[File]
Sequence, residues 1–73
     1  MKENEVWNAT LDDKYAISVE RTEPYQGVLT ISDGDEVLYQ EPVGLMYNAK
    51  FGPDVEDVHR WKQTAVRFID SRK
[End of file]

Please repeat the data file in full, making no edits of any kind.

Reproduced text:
Sequence, residues 1–73
     1  MKENEVWNAT LDDKYAISVE RTEPYQGVLT ISDGDEVLYQ EPVGLMYNAK
    51  FGPDVEDVHR WKQTAVRFID SRK